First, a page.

Researchers may have discovered a way to prevent Zika, Dengue and Chikungunya viruses from replicating in human cells.
While Zika continues to be a threat to pregnant women and their fetuses, scientists from the Vaccine and Gene Therapy Institute at Oregon Health and Science University recently published research results on a new compound’s ability to block the replication of this and other viruses within human cells. In addition, a news outlet is reporting that there was a disconnect between the Centers for Disease Control and Prevention (CDC) and health officials in Puerto Rico. There may have been more cases than Puerto Rico officials let on.
A research team led by Victor R. DeFilippis, PhD, published their findings in mBio, outlining how AV-C, the molecule they discovered, can trigger a cell’s interferon system to fight off viral infections. As detailed in the article, AV-C was successful in controlling the replication of an arbovirus in human fibroblast cells after 6 hours of initial infection in a controlled lab. According to a press release, the researchers concluded that “AV-C establishes a cellular state antagonistic to replication… [and] triggered secretion of other proinflammatory cytokines, suggesting that it may have potential to enhance vaccine efficacy.” The authors also believe that using the compound in the development of Dengue vaccines may improve efficacy.
In addition, the researchers also infected human cells with both the Zika and Chikungunya viruses, to test the compound’s ability to treat those infections. Although AV-C was able to block Zika virus replication even after 16 hours of initial infection with the virus, it did not affect replication of Chikungunya virus, after just 2 hours of initial infection.
Chikungunya, Dengue, and Zika are just some of the mosquito-borne viruses that have infected millions of individuals in the Americas. In 2016, a total of 37 US states reported confirmed cases of Chikungunya. One hundred seventy-five individuals acquired the infection through travel outside of the United States, while an additional 170 individuals were infected locally in Puerto Rico. On the other hand, the Dengue and Zika viruses have spread locally in Florida, Texas, and Dengue was widespread in Hawaii, where hundreds of individuals were infected. In addition, the Zika virus was widespread throughout Puerto Rico for the better part of 2016. In fact, it is being reported by major news outlets that the devastation the Zika virus has caused the commonwealth of the United States has been underreported.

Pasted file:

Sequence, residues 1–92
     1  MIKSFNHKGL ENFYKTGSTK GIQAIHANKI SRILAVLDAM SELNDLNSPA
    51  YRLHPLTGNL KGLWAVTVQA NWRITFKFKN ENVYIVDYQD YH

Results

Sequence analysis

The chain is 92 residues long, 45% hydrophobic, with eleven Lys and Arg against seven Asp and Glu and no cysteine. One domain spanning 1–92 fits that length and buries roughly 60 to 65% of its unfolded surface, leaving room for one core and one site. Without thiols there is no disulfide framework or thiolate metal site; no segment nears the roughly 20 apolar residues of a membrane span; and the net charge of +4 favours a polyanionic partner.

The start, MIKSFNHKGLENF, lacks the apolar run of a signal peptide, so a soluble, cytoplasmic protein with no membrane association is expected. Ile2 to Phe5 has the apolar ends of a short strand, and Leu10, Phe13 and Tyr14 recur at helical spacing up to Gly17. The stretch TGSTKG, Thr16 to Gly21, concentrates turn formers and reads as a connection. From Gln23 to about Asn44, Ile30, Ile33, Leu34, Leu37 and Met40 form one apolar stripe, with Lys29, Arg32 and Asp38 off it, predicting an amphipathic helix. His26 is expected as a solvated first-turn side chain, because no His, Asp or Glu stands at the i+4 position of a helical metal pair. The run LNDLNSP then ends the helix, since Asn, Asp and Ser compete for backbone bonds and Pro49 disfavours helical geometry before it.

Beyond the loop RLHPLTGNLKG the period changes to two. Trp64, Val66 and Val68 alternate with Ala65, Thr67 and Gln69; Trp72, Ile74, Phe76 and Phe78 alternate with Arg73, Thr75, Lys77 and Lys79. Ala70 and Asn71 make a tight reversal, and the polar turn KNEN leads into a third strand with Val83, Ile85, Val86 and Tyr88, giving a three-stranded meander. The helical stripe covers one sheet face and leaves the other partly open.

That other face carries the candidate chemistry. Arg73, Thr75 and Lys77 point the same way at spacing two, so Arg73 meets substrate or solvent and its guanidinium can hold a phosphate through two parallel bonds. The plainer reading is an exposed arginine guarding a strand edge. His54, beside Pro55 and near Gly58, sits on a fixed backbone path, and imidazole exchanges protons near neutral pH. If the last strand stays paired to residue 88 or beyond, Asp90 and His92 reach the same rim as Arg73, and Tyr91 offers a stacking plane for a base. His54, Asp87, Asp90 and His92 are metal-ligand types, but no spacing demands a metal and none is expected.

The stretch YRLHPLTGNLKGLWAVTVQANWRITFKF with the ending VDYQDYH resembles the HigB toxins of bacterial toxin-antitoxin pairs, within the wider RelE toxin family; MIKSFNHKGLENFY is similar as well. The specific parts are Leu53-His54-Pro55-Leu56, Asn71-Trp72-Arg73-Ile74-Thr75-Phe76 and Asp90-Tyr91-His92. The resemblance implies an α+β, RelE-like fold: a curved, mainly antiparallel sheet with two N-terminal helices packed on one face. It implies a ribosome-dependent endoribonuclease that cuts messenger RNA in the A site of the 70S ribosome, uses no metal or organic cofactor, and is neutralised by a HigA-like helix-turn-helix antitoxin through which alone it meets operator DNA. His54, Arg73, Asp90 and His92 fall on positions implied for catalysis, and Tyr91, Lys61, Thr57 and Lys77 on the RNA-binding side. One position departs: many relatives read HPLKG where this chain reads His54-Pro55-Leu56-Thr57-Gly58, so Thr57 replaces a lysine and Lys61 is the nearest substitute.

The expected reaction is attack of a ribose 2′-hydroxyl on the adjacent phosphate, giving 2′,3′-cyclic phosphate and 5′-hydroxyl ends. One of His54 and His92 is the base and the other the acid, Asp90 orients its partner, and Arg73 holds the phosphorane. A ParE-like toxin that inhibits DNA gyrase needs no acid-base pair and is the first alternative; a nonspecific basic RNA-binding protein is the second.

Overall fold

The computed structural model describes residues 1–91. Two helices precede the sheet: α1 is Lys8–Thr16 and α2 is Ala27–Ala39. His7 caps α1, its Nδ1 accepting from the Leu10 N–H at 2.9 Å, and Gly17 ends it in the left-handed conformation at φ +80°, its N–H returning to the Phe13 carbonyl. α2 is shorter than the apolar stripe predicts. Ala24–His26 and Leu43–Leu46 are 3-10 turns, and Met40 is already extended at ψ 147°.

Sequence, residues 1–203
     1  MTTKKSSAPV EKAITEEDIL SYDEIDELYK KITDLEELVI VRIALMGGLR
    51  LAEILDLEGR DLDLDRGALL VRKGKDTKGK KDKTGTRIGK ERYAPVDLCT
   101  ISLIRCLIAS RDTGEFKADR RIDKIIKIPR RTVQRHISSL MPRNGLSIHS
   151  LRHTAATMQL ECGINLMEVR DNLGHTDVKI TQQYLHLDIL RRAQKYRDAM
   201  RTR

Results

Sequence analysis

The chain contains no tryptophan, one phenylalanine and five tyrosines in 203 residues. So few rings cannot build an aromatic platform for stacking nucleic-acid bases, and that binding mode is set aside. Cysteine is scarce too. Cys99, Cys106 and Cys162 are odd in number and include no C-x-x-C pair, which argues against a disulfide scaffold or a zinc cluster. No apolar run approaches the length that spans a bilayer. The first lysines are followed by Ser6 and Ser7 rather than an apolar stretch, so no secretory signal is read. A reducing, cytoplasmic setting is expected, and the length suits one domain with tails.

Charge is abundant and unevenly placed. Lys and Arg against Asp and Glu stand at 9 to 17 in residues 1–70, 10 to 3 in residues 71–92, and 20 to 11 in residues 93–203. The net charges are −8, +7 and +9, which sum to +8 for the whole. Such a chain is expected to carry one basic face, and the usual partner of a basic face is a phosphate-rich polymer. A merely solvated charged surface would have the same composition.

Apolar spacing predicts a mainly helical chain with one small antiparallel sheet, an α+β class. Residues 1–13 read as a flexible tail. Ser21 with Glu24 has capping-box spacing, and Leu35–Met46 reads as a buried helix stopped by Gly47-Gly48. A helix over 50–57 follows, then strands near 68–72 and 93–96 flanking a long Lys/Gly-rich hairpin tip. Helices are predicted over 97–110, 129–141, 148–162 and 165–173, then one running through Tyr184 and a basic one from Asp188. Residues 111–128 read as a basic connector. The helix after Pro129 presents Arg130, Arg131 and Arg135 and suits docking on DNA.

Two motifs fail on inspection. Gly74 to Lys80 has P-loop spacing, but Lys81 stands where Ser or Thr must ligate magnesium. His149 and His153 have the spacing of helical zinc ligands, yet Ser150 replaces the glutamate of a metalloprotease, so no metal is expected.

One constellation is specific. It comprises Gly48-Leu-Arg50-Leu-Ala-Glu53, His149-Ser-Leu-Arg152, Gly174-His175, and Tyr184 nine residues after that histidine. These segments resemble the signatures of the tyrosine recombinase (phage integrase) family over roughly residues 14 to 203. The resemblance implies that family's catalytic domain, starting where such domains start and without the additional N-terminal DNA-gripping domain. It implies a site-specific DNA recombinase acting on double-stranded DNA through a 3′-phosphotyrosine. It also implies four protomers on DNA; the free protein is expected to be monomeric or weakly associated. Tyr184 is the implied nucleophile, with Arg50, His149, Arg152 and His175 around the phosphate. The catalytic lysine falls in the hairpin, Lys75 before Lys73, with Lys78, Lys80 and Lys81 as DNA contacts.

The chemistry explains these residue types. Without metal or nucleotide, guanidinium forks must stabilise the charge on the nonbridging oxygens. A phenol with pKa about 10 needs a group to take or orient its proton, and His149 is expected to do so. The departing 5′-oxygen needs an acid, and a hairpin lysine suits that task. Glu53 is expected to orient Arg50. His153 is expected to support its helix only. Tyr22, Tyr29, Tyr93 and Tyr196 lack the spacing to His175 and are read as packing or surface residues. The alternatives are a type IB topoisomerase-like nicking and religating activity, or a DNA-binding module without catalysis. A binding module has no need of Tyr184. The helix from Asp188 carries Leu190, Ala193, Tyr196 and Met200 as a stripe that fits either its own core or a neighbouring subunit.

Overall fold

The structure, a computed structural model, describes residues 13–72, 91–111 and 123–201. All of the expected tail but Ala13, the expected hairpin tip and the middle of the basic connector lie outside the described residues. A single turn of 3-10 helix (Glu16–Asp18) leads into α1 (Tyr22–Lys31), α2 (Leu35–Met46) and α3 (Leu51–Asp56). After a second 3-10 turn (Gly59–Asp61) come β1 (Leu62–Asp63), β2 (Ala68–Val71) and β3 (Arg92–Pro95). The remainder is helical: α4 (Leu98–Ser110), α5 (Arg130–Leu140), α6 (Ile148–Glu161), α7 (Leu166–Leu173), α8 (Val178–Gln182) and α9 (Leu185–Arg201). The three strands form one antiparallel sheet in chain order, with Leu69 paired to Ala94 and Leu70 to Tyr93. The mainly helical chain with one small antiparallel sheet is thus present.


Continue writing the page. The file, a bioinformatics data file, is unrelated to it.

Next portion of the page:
The news outlet STAT recently reported that it has obtained a document which details a “feud” between health officials in Puerto Rico and the CDC regarding Zika surveillance in pregnant women on the island. According to STAT, “The multipage document suggests that the dispute has obscured the extent of the territory’s Zika problem for more than half a year.” STAT also states that, after the CDC awarded the Puerto Rico Department of Health (DOH) a $9.5 million grant to track cases, the health official in charge of surveillance “declined to communicate with CDC authorities” for several months last year. The CDC has been efficient in its surveillance efforts to prevent the spread of the Zika virus.
In fact, in the wake of the 2016 outbreak, the CDC mapped the geographical spread of Aedes aegypti and Aedes albopictus mosquitoes, the primary Zika virus vectors, across the United States. On May 1, 2017, the major pest control company, Orkin, released its list of Top 50 Mosquito Cities in the United States, which “ranks metro areas by the number of mosquito customers served from April 1, 2016 to March 31, 2017.”
The Top 5 Cities for Mosquitoes in the United States are:
Read the full list here.
As the Northern Hemisphere enters into mosquito season, efforts are being focused on controlling the Zika-carrying Aedes aegypti mosquito populations. Dr. DeFilippis and his team have found that AV-C does not hinder viral replication in mouse models; however, his team plans to evaluate the compound in nonhuman primates.